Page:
The incidence rates of early prostate cancer have continued to decline since the U.S. Preventive Services Task Force (USPSTF) recommendation against routine prostate-specific antigen (PSA) testing in all men, according to a new study.
The USPSTF recommendation was released in draft form in 2011 and in final form in 2012. A decline in early prostate cancer incidence rates from 2011 to 2012 has been previously reported.
‘Prostate-specific antigen (PSA) testing for all men recommended by the
U.S. Preventive Services Task Force contributed to decreased rates of the early stage of prostate cancer.’
Ahmedin Jemal, D.V.M., Ph.D., of the American Cancer Society, Atlanta, and coauthors used a publicly available database for incidence data on invasive prostate cancer diagnosed from 2005 through 2013. The men were 50 and older and lived in 18 Surveillance, Epidemiology and End Results (SEER) registries that covered about 28 percent of the U.S. population.
From 2012 to 2013, the localized/regional-stage prostate cancer incidence rates per 100,000 men declined from 356.5 to 335.4 in men 50 to 74 and from 379.2 to 353.6 in men 75 and older, according to the study. The authors note the decrease from 2012 to 2013 was smaller than that from 2011 to 2012 (6 percent vs. 19 percent).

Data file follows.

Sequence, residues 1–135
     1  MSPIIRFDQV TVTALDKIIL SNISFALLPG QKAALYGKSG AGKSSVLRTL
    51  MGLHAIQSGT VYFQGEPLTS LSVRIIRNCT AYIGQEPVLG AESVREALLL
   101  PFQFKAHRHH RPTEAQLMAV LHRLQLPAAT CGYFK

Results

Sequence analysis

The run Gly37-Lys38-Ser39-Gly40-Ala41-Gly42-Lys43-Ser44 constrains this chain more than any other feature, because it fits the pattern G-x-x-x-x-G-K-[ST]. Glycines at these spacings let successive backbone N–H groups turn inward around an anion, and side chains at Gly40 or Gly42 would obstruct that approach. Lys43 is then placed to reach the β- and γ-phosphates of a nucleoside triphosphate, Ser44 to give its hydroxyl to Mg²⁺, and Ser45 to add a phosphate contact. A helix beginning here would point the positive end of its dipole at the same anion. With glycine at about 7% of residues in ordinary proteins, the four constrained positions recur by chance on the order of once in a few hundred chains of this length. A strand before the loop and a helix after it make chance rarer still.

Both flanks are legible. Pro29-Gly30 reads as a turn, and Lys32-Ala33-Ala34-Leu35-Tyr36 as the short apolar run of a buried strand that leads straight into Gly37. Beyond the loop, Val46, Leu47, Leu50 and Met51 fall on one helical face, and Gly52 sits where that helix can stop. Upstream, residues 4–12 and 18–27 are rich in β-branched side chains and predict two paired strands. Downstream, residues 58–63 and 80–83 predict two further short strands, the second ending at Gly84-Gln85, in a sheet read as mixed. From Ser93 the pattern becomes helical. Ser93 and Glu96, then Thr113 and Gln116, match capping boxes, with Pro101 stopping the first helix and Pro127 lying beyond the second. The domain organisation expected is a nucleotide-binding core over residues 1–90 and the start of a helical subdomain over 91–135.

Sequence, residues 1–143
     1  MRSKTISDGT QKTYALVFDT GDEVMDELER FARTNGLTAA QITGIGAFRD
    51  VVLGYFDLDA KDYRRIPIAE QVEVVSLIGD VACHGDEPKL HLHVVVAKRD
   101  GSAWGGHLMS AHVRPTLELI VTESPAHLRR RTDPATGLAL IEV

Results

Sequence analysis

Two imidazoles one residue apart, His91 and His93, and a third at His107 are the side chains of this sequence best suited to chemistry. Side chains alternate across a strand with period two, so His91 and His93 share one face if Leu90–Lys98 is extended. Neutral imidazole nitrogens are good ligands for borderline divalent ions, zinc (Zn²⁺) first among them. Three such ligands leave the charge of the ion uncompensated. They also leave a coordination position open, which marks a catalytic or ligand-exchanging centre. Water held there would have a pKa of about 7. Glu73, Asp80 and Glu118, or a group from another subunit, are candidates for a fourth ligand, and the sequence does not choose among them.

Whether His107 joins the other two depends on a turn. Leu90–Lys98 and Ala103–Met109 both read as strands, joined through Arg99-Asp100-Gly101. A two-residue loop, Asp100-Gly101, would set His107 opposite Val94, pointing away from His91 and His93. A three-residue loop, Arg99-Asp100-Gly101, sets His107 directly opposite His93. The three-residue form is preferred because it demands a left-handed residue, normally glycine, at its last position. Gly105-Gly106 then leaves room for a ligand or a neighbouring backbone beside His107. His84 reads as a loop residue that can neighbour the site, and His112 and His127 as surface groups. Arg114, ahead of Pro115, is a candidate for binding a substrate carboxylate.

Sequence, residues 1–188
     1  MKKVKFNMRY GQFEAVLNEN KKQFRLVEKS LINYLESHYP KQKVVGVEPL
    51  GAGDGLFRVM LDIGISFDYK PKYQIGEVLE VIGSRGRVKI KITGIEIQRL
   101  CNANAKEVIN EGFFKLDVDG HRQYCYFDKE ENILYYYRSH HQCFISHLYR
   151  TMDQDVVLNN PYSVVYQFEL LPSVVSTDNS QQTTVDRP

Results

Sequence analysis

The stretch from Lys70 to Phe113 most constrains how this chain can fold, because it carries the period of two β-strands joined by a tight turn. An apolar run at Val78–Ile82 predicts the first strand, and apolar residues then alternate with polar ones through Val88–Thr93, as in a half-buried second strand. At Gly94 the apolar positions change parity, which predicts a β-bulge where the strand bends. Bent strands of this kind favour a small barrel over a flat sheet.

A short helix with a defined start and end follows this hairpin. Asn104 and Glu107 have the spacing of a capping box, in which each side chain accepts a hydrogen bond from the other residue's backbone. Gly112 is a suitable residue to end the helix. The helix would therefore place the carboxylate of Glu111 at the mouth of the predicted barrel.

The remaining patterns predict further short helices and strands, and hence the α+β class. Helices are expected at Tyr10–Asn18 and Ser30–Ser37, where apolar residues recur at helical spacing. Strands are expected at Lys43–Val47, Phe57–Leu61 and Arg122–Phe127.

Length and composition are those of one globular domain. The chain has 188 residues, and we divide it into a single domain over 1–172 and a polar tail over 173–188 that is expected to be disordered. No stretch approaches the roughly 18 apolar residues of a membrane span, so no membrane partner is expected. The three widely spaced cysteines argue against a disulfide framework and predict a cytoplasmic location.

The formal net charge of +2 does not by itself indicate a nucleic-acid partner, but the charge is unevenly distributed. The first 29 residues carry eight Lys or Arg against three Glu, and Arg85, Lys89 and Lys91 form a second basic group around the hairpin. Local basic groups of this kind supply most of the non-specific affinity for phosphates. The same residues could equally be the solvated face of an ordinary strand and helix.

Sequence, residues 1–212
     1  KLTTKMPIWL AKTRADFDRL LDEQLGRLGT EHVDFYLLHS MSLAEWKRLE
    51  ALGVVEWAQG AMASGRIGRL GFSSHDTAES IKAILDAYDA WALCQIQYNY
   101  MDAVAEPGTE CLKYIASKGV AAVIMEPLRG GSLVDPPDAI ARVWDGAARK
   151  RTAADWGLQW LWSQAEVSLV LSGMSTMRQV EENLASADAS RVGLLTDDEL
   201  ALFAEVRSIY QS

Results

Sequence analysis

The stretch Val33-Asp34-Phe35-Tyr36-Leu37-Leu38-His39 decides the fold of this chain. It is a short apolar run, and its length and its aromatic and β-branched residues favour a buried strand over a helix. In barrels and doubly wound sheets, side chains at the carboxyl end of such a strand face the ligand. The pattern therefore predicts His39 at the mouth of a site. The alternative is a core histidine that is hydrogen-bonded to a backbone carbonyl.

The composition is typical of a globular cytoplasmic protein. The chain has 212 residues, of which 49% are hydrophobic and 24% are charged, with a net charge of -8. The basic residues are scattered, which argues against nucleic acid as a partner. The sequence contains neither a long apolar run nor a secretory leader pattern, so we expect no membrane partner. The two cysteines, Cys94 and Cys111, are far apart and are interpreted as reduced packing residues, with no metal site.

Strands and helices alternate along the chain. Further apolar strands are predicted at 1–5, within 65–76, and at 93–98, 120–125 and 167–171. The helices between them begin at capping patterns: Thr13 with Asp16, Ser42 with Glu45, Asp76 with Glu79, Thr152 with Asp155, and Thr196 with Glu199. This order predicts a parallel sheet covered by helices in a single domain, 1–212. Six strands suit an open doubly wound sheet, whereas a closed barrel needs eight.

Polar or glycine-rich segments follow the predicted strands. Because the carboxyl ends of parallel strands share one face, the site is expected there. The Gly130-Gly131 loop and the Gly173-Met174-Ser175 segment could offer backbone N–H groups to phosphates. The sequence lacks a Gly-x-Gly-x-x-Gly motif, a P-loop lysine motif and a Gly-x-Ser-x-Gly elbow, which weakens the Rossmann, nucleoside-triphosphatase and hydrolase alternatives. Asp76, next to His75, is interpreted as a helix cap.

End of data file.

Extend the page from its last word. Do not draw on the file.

Previously reported findings indicate PSA testing rates decreased significantly between 2010 and 2013. Other factors that could contribute to the decline in incidence rates for early stage prostate cancer include changes in the prevalence of unknown risk factors and preventive measures.
"In conclusion, the decrease in early-stage prostate cancer incidence rates from 2011 to 2012 in men 50 years and older persisted through 2013 in SEER registries, albeit at a slower pace. Whether this pattern will lead to a future increase in the diagnosis of distant-stage disease and prostate cancer mortality requires long-term monitoring because of the slow-growing nature of this malignant neoplasm," the research letter concludes.
The article is published online by JAMA Oncology.